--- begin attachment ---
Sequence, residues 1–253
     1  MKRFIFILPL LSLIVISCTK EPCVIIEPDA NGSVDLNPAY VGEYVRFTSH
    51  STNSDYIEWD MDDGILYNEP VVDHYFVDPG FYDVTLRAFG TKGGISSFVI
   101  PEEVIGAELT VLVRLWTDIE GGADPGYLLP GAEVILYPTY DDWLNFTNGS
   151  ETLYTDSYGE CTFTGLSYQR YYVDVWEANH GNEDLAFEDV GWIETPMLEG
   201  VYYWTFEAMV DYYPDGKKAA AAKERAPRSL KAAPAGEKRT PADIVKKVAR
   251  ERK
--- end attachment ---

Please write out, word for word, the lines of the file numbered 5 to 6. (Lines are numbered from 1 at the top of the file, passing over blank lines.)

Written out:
   151  ETLYTDSYGE CTFTGLSYQR YYVDVWEANH GNEDLAFEDV GWIETPMLEG
   201  VYYWTFEAMV DYYPDGKKAA AAKERAPRSL KAAPAGEKRT PADIVKKVAR